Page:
Keeping male-identified women out of your inner circle can be a matter of life and death. For you and your children.

May 6, 2010   63 Comments

Delete All Variations Of The Following Phrase From Your Vocabulary: “Fighting White Hegemony”

Ever since I woke up from “the Matrix,” I’ve been uneasy whenever I hear African-American women speak variations of the phrases “fighting White hegemony” and “fighting White supremacy.” I couldn’t quite put my finger on why I have had that reaction until I read Evia’s comments during this conversation in the comments section to her recent post at her blog, Black Female Interracial Marriage Ezine.

Well, she explained it all quite clearly during that conversation: That notion of “fighting White hegemony” is deadly, mental poison for African-American women! It’s definitely a Fantasy Island-based, SELF-defeating notion that African-American women need to purge from their minds.

I don’t want to repeat Evia’s comments, but I will highlight a few of the many, many key points that she makes:

White hegemony is currently feeding all African-Americans. To put it bluntly, White people feed all of us. Directly or indirectly. We need to stop “tripping” about that. Very few African-Americans have ever been serious about building the infrastructure needed in order to be a self-sufficient people. Only marginalized groups among us like the Nation of Islam went so far as to actually cultivate farm land, and create grocery stores and restaurants to feed African-Americans.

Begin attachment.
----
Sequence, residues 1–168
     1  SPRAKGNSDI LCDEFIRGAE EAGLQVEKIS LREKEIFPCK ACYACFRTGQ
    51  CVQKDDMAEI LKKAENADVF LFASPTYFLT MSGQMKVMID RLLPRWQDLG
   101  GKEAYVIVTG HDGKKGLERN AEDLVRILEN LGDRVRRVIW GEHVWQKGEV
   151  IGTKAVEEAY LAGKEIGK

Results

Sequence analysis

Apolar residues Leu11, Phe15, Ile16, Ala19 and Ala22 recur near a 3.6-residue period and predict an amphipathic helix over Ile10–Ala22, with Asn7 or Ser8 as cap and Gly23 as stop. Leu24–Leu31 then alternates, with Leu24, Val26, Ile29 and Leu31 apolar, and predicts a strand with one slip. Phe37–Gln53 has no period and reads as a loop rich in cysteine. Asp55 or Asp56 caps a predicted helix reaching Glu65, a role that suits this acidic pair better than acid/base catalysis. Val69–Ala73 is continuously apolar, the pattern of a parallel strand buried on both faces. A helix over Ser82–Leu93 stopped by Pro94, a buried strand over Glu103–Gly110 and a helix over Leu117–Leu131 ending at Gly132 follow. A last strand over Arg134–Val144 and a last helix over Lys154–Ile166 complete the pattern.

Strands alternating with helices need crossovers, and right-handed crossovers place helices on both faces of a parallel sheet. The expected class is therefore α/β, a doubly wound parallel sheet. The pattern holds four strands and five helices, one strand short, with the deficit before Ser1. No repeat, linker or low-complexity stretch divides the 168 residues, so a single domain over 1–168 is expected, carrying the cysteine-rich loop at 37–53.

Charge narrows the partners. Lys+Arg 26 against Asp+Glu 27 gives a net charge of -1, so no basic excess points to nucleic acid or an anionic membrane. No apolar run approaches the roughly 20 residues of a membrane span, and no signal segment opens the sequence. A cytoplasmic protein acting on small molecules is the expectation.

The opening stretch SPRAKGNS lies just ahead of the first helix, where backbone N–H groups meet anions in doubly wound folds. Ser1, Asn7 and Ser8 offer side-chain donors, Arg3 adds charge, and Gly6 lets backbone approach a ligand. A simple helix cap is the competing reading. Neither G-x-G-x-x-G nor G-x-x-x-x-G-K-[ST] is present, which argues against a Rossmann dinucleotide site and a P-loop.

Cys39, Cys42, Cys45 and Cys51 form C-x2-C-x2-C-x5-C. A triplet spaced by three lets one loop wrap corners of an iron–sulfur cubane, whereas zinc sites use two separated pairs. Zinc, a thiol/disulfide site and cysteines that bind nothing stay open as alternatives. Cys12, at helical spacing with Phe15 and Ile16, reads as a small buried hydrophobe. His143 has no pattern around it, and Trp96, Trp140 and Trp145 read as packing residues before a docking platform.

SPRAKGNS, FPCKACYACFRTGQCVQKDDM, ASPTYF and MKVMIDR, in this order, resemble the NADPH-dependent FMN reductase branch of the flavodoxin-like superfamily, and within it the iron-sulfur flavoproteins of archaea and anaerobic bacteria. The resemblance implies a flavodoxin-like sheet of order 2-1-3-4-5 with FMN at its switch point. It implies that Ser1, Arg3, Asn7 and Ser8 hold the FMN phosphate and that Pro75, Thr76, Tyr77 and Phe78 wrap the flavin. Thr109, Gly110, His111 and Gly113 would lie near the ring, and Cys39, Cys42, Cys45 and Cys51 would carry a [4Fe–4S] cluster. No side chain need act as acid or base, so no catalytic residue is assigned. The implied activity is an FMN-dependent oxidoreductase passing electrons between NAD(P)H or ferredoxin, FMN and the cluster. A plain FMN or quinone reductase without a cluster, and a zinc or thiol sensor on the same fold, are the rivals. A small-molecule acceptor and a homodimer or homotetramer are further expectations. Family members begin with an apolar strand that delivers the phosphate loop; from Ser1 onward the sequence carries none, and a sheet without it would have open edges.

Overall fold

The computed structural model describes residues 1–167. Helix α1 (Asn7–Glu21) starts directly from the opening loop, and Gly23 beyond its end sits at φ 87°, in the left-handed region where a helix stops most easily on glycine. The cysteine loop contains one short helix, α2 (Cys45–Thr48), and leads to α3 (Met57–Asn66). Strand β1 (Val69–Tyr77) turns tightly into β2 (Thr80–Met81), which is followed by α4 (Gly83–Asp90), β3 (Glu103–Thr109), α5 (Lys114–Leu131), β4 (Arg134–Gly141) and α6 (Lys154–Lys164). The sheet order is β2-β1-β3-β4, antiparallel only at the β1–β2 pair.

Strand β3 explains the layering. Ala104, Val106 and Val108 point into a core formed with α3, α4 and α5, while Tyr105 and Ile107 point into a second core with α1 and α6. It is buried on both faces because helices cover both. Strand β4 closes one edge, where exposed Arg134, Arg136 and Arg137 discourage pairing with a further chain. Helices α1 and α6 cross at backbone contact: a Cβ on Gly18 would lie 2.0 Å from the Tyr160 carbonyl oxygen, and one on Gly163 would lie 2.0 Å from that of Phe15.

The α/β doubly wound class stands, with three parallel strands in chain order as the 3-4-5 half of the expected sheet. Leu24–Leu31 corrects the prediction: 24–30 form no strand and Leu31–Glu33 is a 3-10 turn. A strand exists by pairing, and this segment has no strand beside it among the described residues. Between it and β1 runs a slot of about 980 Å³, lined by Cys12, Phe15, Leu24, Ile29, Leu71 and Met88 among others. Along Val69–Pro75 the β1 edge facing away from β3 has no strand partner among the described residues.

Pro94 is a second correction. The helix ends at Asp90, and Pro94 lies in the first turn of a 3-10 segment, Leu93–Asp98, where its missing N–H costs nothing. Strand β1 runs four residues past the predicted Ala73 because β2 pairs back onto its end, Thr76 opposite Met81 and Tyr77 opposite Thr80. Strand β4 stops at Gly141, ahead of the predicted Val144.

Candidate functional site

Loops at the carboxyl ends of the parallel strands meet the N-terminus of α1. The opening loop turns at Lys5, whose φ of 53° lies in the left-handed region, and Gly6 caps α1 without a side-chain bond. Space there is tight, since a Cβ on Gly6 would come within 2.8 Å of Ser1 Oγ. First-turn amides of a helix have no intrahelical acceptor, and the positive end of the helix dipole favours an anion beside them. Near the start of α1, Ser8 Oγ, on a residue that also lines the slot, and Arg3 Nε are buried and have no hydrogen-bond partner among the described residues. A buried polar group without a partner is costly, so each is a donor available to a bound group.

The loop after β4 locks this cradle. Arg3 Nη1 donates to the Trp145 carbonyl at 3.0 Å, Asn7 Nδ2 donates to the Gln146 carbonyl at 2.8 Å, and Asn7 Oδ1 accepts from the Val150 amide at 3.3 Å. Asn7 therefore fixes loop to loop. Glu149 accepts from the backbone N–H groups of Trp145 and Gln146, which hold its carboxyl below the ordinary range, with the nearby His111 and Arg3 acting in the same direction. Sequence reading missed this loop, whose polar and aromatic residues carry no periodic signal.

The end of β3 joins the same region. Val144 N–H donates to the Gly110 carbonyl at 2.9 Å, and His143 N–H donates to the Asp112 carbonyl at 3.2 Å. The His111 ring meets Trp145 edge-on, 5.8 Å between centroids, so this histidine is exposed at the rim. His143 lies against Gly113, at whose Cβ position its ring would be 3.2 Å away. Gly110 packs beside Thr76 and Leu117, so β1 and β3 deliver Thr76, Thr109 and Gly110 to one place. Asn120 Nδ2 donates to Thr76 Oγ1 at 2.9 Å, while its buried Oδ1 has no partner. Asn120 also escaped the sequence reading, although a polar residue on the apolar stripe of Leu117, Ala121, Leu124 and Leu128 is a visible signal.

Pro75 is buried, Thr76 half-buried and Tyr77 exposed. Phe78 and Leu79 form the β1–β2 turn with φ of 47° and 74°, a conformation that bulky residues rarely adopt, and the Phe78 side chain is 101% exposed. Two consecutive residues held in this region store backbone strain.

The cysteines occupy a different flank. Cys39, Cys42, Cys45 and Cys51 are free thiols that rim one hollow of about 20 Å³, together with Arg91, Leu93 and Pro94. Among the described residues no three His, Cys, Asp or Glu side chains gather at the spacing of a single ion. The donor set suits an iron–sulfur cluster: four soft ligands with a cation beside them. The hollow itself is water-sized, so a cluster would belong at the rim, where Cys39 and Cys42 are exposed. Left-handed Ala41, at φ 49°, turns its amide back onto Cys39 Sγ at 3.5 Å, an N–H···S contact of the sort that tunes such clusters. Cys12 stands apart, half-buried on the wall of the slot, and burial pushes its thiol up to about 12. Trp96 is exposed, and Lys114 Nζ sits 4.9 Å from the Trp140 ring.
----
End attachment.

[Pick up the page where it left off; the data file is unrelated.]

Nobody except African-American women is sacrificing anything in order to “fight” White hegemony. Including the Black men who flap their lips talking about White hegemony. Many of the Black men talking that stuff are busy dating, sexing and marrying the so-called “evil White man’s” daughters. These men are busy transferring whatever wealth they can accumulate back to the so-called “evil White man” through his daughter. If not the so-called “evil White man’s” daughters, then these Black men talking that stuff are looking to transfer whatever wealth they get to other types of non-Black women.

No other race or ethnic group of women are even worrying about “fighting White hegemony,” except African-American women. When you’re the only one doing something, that’s usually a clue that whatever you’re doing is a bad idea. Other women, including other types of Black women from around the world, are too busy making sure that they (directly or indirectly) get a slice from the current, status quo “White hegemony pie” by marrying whichever man will bring the most to their table. Including qualified White men.